Wesley went up to the piano next and played a piece famously performed by Richard Clayderman, Ballade Pour Adeline. This piece was written by Paul de Senneville and dedicated to his newborn, Adeline. When Senneville was looking for a performer for this composition, 21 hopefuls arrived for the audition. Eventually, Philippe Pagès’ soft touch on the keyboard, his reserved personality and his good looks, won him the coveted spot. Pagès uses the stage name Richard Clayderman. Till today, "Ballade Pour Adeline" remains Clayderman’s signature piece.
Chris Khoo was next on the list tonight. He played For All We Know by Fred Karlin. Although this piece was written for the 1970s comedy film, "Lovers and Other Strangers", it became very popular after the American duo Carpenters performed a cover version of this song in 1971. In fact, the duo did so well that they won the Academy Award for Best Original Song that year. The Carpenters duo actually comprised a brother-and-sister pair, Karen and Richard Carpenters. For all their success, Karen died of anorexia in 1983. She was only 33.
Justus performed his rendition of Sonatina in C, Op. 20, No. 1 by Kuhlau. Justus is a newcomer to Pianovers Meetups and he arrived with his mother and sister this evening. The composer, Kuhlau, was Danish and was based in the capital Copenhagen. He was a concert pianist and also wrote many operas. In addition, Kuhlau was credited with introducing Beethoven’s works in his country. Kuhlau was known to have created many works during his lifetime. Although many was his unpublished works were destroyed in a fire, he still left behind more than 200 published compositions.
Giselle went up to the piano next and played Cherry Blossom. This was her very own composition! At ThePiano.SG, we always encourage and support fellow Pianovers in their musical journeys. We occasionally hear original compositions from Pianovers and we are very happy for them. Well done, Giselle! We hope to hear more original compositions from you!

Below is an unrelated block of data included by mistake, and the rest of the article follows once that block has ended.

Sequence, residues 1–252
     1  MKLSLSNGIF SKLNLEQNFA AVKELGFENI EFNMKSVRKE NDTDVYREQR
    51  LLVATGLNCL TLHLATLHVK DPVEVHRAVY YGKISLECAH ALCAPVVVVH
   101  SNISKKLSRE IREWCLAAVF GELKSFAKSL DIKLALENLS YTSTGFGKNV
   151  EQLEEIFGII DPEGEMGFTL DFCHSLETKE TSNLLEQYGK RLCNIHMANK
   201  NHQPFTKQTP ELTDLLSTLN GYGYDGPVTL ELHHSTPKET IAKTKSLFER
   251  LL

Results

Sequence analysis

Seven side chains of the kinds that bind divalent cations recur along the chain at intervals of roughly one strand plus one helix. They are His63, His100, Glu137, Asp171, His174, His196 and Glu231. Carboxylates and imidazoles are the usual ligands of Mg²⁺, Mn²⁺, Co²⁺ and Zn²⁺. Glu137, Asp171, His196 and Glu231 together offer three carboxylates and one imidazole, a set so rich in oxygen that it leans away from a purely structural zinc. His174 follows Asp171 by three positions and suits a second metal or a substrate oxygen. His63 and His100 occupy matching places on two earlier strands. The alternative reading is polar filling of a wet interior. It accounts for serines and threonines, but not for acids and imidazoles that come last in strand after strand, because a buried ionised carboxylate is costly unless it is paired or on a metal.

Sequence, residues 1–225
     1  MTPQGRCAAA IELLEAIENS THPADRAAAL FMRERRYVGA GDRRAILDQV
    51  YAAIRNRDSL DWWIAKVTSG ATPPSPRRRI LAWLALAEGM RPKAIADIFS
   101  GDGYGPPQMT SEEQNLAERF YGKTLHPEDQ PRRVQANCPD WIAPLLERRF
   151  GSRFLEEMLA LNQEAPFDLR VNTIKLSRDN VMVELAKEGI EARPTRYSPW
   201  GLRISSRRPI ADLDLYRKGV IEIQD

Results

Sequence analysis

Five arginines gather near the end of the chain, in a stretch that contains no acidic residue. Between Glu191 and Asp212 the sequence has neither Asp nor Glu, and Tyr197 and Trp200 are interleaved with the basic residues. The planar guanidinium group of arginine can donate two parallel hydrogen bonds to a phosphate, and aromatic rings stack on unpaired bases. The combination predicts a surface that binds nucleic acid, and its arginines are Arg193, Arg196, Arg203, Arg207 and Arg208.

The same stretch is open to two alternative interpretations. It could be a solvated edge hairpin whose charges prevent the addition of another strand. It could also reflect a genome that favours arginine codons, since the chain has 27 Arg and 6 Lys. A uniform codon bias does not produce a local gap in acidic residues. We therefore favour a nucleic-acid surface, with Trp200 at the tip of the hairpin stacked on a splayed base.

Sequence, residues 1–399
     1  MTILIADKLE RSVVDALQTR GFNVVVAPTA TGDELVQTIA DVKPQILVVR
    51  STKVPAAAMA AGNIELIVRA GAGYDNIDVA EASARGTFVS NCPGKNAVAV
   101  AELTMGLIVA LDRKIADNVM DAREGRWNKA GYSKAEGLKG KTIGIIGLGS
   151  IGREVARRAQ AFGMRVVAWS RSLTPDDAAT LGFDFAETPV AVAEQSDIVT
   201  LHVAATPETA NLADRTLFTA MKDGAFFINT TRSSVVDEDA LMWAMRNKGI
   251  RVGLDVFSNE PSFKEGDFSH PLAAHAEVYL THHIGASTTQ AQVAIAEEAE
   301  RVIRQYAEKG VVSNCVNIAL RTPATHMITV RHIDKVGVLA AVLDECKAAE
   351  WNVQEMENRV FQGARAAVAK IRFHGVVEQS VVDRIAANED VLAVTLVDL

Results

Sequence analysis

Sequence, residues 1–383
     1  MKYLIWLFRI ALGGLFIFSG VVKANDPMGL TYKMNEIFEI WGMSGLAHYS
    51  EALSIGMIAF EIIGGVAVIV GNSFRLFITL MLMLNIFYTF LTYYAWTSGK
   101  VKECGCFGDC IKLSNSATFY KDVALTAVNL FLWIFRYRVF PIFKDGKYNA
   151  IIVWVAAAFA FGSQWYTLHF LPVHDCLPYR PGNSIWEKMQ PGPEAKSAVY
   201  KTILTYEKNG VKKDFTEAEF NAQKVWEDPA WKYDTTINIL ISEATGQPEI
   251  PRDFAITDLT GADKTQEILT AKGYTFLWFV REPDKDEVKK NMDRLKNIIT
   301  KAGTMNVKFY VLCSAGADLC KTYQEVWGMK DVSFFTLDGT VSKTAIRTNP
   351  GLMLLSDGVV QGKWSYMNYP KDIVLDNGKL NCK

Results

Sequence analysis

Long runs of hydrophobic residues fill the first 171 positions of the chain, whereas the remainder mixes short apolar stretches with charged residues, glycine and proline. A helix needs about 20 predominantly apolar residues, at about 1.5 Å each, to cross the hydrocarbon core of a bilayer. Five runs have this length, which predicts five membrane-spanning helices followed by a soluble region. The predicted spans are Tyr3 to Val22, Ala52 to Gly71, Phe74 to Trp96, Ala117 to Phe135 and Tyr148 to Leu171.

Brandon, a young Pianover, performed Whirlwind. We are happy that a young boy like Brandon has been immersed into the world of music at such a young age! Brandon’s dad had earlier bought some products from ThePiano.SG Online Store and opted to collect them tonight, since he was attending the Meetup. Now, our young Pianover has a new stationery set!
Pianovers were in for a treat tonight. Yong Meng had three boxes of pretty-looking piano-themed cupcakes delivered at 8:15pm. Pianovers were delighted that they had the chance to sample these interesting treats! The cupcakes had a Burgundy Velvet base and were covered with delicious Speculoos Swiss Meringue Buttercream frosting. What grabbed people’s attention, though, was the Fondant Embellishment that topped the cupcakes and sported the well-known musical notes! Pianovers were so excited at these unexpected treats that they started taking photographs!
Aside from savouring the beautiful cupcakes, Pianovers interacted and networked among themselves. Of course, the night would not be complete with some serious jamming! Not surprisingly, some Pianovers could be seen jamming on the two pianos as others enjoyed their playing and exchanged ideas with them!
All too soon, it was time to say goodbye. After such an eventful evening, it was definitely difficult to part ways! However, Pianovers know that the next Meetup is just round the corner! Please note that Pianovers Meetup #68 will be a Special Meetup session. We will be unveiling two pianos at Tanjong Pagar Centre! Do come and join us this Sunday! The first 50 Pianovers who attend will each receive a $10 voucher from Tanjong Pagar Centre, so do come early! See you on Sunday at 5:00pm!